Pebble back to kickstarter with new smartwatch

The Pebble Time features a colour e-paper screen and a new timeline interface.
Pebble

The Pebble Time features a colour e-paper screen and a new timeline interface.

Pebble announced a new version of its smartwatch on Tuesday, as the start-up braces for more competition with the arrival of the Apple Watch this year.

Pebble Time marks a first for the smartwatch, which first launched on Kickstarter in 2012: a colour screen. However, it's not the LCD or OLED displays of its rivals, but a colour e-paper screen.

Pebble CEO Eric Migicovsky says sticking with e-paper allows the smartwatch to maintain certain key features, such as always displaying time and remaining visible under direct sunlight.

Pebble Time pulls app, notification and timeline information from an Android phone or iPhone.
Pebble

Pebble Time pulls app, notification and timeline information from an Android phone or iPhone.

"They seem a lot like smartphones on your wrist, but they don't really make for useful watches," says Migicovsky of rival smartwatches that have launched since Pebble. "We knew that before we did anything, we had to make a really damn good watch."

Migicovsky says Pebble Time's colour screen also won't hurt battery life, noting it boasts the same 7-day life as the original Pebble and the Pebble Steel.

The smartwatch is 20 per cent thinner than the original Pebble, and includes a quick-release mechanism to quickly change watch bands. It also boasts a microphone for leaving brief messages or short notes. Users can also pre-record messages for quick replies to notifications.

"We've tried to build something that's intensely reliable and consistent," says Migicovsky of the microphone. "We didn't want to make something that you speak into and it has to guess what you're saying, or it gets it wrong and you have to constantly repeat yourself, because at the end of the day, you might as well pull out your phone at that point."

Pebble Time will also feature an overhauled software interface that organises information including notifications, weather, calendar, news, travel and reminders chronologically instead of through standalone apps.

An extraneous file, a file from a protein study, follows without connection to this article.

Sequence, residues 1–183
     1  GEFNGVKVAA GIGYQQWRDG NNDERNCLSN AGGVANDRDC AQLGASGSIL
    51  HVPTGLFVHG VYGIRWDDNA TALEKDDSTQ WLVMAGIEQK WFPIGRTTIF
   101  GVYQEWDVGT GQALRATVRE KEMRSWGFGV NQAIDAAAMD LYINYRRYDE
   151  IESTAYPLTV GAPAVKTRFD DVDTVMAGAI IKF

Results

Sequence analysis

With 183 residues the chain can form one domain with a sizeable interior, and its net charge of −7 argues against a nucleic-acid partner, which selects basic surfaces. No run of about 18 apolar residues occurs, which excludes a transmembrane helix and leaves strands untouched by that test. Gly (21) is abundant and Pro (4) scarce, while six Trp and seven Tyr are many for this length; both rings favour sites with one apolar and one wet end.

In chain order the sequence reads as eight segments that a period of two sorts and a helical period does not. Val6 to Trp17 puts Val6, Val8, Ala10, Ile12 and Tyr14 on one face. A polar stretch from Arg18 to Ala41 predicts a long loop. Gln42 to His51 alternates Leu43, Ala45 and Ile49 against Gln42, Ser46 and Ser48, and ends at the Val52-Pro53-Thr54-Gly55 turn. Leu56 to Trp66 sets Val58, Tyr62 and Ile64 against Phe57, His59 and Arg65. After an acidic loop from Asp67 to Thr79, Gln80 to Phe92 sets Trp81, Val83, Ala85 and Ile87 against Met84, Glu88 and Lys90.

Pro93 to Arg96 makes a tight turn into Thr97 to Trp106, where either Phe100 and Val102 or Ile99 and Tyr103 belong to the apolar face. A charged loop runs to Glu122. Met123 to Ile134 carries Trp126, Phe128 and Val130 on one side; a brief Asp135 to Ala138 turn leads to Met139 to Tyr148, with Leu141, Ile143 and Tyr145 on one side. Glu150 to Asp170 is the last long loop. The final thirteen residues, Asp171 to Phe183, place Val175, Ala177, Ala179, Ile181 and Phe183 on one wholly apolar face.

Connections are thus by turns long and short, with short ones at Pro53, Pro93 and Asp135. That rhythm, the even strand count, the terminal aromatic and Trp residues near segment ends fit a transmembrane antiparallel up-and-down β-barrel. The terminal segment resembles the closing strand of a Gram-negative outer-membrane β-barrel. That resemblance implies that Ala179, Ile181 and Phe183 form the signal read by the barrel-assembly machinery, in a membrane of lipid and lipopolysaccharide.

Also, users will no longer be held back by the maximum of eight apps or watchfaces available on Pebble Time. Migicovsky says Pebble is working to make the updated interface available on older Pebble devices after Time launches.

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Pebble Time will continue to work on both Apple's iOS or Google's Android platforms, and all apps currently available will work on Time when it starts shipping in May. The watch will be available at retail in America for US$199, but users around the world can back Pebble Time on Kickstarter to receive the watch for US$179.

As of Thursday morning (Sydney time), the Kickstarter has attracted almost US$10 million in pledges, far exceeding the campaign's original US$500,000 goal. The campaign has 30 days to go.

A lot has changed since Pebble first debuted three years ago. Competition in the market has ballooned, with tech giants including Samsung, Google and Apple entering the fray. By 2018, smartwatches will account for 44 per cent of wearable devices sold, according to CCS Insights.

In December, Pebble sold its one-millionth smartwatch, and signed on big names over the past year including ESPN, Yelp and Foursquare.

"The world is turning to smartwatches," says Migicovsky. "It's great to be in the middle of, but it's not something I would have predicted seven years ago. I think we were in it to build something that we ourselves truly wanted. It's kind of fantastic to see that what we've made has kicked off an entire industry."

 - MCT

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